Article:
Much recent thought on the ethics of new biomedical technologies, and work in ethics and political philosophy more generally, is committed to hidden and contestable views about the nature of biological reality. This selection of essays by Tim Lewens, a leading expert in the field, teases out these biological foundations of bioethical writing and subjects them to scrutiny. The topics covered include human enhancement, the risks of technical progress, the alleged moral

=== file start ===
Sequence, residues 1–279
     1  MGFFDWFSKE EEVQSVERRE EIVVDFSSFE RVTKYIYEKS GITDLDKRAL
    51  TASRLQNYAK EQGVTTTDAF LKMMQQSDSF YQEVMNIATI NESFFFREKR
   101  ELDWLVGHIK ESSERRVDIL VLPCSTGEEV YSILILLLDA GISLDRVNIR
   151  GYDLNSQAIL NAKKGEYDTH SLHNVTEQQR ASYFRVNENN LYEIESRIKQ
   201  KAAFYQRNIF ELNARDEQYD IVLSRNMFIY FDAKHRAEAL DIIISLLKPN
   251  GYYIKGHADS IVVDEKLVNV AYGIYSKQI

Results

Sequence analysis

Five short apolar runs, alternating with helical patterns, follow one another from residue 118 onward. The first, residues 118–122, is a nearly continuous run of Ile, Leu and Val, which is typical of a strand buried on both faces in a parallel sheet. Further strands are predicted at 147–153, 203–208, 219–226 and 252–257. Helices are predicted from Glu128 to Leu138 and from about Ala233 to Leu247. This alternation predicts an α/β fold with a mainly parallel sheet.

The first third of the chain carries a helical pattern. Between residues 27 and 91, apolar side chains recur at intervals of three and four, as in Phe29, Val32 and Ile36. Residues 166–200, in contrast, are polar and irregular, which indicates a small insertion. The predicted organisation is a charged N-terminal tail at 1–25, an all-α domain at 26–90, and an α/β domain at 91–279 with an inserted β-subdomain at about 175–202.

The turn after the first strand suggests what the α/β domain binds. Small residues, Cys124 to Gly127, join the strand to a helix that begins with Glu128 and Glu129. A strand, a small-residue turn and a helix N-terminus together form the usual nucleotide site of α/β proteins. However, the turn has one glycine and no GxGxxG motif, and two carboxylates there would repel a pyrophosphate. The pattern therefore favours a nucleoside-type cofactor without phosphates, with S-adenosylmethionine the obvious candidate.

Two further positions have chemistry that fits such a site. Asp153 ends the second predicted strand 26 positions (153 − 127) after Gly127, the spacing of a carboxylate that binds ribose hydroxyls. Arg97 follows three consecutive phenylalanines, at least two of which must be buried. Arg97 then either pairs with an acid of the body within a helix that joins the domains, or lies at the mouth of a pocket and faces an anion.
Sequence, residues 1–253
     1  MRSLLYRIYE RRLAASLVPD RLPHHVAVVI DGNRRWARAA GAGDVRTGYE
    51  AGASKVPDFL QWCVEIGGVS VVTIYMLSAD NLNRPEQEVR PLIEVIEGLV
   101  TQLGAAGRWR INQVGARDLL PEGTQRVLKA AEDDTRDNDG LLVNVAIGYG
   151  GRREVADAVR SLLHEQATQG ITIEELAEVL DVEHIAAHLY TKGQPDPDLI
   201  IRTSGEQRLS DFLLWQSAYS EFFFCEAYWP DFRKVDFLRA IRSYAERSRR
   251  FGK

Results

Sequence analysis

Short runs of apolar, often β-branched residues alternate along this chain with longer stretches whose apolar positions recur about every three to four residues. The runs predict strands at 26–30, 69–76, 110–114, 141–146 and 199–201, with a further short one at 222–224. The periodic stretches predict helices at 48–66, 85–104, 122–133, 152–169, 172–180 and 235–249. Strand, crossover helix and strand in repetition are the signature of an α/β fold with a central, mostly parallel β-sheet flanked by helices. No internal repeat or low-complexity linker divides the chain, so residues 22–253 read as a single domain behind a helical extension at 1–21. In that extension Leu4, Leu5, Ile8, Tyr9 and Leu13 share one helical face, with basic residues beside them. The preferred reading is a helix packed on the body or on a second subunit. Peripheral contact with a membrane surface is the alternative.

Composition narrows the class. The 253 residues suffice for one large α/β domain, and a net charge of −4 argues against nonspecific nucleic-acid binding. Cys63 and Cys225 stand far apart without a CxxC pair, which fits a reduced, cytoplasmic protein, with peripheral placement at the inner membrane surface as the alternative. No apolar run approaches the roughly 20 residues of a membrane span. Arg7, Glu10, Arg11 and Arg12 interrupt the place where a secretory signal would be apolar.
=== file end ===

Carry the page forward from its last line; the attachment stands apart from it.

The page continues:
threat of synthetic biology, the reality of human nature, the relevance of evolutionary psychology to social policy, the nature of the distinction between health and disease, and justice in healthcare decision-making.
Tim Lewens is Professor of Philosophy of Science at the University of Cambridge, where he is also a Fellow of Clare College. His past publications include Organisms and Artifacts: Design in Nature and Elsewhere (MIT Press, 2004), and Darwin (Routledge, 2007). He is also a member of the Nuffield Council on Bioethics and runs the ERC-funded project 'A Science of Human Nature? Philosophical Disputes at the Interface of Natural and Social Sciences'.
PART ONE: BETTERING NATURE ; PART TWO: BIOLOGY IN ETHICS AND POLITICAL PHILOSOPHY